If you have been following along on our journey thus far, it’s likely you’ve found the saga of NewOldHouse rather depressing. The amount of work and stress that went into the property in the month before we had to start living here was monumental considering it was just the two of us with occasional help from a few hardy peeps. Timing-wise, September was a bad month to be doing so much because it seems to be a very busy time for everyone. I had so many people tell me that they wanted to help out but couldn’t due to previous commitments. You can track my increasing frantic stress levels on my social media… But what was done was done and we started the next phase of making it home.
As stated in previous posts, the top floor was pretty much move in ready, and the basement had been made dry and safe (although still occupied by some spiders etc.) but the main floor was pretty rough still. Despite our brains being pretty melty from all the renos we had astutely rented a storage container for the backyard to put some of the larger furniture in while we finished making the spaces livable. Anyone who has moved house will know that having all of your belongings in boxes somehow takes up far more space that they do arranged in a room, and we had plenty of them stacked inside the house.
It’s never fun to live with the aftermath of moving. The space isn’t your own yet and navigating piles of stuff as you unpack can get annoying. I did try to take a few days ‘off’ in the week immediately following the move – or at least doing less in a day and slowly unpacking or doing little ‘fun’ projects like installing light switch covers. I’d also specially packed myself an outfit to wear to a semi-annual dance party on the following weekend because darn it I needed some fun!
That being said, the storage container couldn’t be kept too long and we made ourselves a deadline for getting things to a livable state a month and a half post move when we would have our first official gathering (a house luke-warming party). We knew that not everything could be finished, but at least rooms painted and cleared of boxes.
Kitchen: The crappy stove had been replaced by a 1950s model we scored (an Acme brand with a warming oven and hot water pot built in). I gave it a good scrub and it works great except for one element at the back.
In the other outside corner, a 1930s cupboard unit free off of someone’s boulevard. The top was covered in mac tac but a heat gun, some sanding and a coat of varnish had it looking great.
Above these on both sides and above the sink I installed open shelving for storage. The old window frames were sanded, painted Clear Aqua and re-installed (sans pointy valences). As much as we’d ripped out of the house, we tried to re-use as much as possible. Lots of bits were put back with a makeover or in repairs.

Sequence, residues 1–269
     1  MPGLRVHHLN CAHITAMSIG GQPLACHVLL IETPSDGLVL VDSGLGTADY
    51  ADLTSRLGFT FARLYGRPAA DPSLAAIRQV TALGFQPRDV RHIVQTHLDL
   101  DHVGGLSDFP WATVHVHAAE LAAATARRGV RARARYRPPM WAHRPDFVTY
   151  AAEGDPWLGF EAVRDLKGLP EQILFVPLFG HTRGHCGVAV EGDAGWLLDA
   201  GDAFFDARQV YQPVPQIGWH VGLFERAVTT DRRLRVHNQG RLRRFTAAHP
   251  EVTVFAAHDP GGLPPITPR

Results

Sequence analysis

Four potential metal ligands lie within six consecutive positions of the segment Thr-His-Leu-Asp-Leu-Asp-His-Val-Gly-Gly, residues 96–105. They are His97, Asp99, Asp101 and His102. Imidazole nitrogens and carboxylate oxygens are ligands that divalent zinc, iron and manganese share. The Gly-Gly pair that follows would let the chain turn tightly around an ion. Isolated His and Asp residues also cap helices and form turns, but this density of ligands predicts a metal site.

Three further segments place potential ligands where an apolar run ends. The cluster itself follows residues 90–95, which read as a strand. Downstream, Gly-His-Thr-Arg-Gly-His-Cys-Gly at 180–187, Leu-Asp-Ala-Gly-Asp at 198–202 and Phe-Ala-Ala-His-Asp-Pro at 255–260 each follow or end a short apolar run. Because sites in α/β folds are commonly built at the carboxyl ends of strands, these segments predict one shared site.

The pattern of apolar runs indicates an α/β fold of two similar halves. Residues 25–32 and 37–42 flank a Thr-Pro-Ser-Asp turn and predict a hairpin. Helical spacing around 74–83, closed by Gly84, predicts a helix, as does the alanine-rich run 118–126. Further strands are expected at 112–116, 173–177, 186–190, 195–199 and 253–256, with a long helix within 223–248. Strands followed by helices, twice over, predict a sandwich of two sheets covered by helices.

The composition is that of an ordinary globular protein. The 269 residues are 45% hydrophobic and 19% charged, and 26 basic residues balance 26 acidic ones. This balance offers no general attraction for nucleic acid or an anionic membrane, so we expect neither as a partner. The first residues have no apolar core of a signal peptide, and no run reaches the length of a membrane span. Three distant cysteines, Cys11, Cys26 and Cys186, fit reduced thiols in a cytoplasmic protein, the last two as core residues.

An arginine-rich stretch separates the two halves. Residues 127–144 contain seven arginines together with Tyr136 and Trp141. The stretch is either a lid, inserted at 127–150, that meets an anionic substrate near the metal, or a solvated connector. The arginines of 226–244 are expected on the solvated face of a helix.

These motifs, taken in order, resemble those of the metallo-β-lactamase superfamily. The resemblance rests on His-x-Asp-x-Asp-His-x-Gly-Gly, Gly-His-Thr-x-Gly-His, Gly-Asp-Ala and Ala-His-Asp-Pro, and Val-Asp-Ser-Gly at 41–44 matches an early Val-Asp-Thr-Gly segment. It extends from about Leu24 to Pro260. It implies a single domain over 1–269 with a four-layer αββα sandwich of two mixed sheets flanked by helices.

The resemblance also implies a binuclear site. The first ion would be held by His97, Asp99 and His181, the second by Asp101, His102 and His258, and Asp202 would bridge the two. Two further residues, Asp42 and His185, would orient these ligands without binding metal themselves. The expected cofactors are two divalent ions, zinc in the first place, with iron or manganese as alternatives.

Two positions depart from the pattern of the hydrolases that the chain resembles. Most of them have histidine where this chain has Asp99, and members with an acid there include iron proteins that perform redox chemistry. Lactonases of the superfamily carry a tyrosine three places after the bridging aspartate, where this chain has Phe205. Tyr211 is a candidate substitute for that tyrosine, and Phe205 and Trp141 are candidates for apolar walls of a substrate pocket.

Beside the stove is a narrow pull out unit topped with the same oak countertop as the sink. To accommodate the low windows and make things flexible, the remaining counter is attached with a piano hinge so that it can be swung down for cleaning etc.
In our previous two homes we have always had a dedicated area for the Ugly Mug Collection. Over the years the collection has grown and only a selection can be displayed. We had to tell people to stop gifting them to us… Since wall space is at a premium in this house, the old shelves (themselves salvaged years ago from a friend’s old house) were shortened/got a new coat of paint to match the kitchen trim. Getting to do this kind of ‘set dec’ at long last made me giddy. I also hung my collection of vintage jello molds (that I actually use!) around the top of the wall. I like how the copper tones and the light teal compliment each other.
Storage (or lack thereof) is an issue. We went from the high ceilings and plentiful closets of the Edwardian apartment to the smaller rooms and singular (wee) closet of 1897. The 1930s pantry unit we had fit nicely into the wider hall area and is right next to the kitchen. It holds all of my GF flours, baking things, mixing bowls and baking pans, along with our collection of vintage cookbooks. Above it is another shelf for less frequently used kitchen items like the party percolator and fondue pots.
The dining room was the first mostly complete makeover. The chimney had been exposed and layers of wallpaper fragments removed. The last bits on the plaster plus the exposed brick on the upper portion were sealed with a clear coat to prevent dust from being an issue. It’s rough looking but we like the way it shows the history of the house. The wall beside it was painted with an accent wall in Peking Blue. After we’d bought the paint I discovered an identical paint chip card I’d had for years! The blue really pops all of our midcentury teak furniture in this room.
The space between the hall and chimney (formerly an awkward storage space) got a thin plywood backing to cover the lath and seal in the wall. Shelves provide more storage for barware and serving things – and can be accessed from the hall or the dining room! Bonus: you can see the kettle boiling from the dining room table.
The Living Room underwent a similar transformation. The new drywall ceiling and walls painted a warm off white, with an accent wall in emerald green for the salon wall of gold frames.
The upper floor was painted and scrubbed but still very much full of boxes et al.
Bits and bobs:
That’s pretty much what happened in the first few months! Many more projects to follow including the bathroom getting better, the stairway gets a new lease on life, and we tackle the backyard!
Bonus: Chad licking the Manitoba Maple tree outside our front window…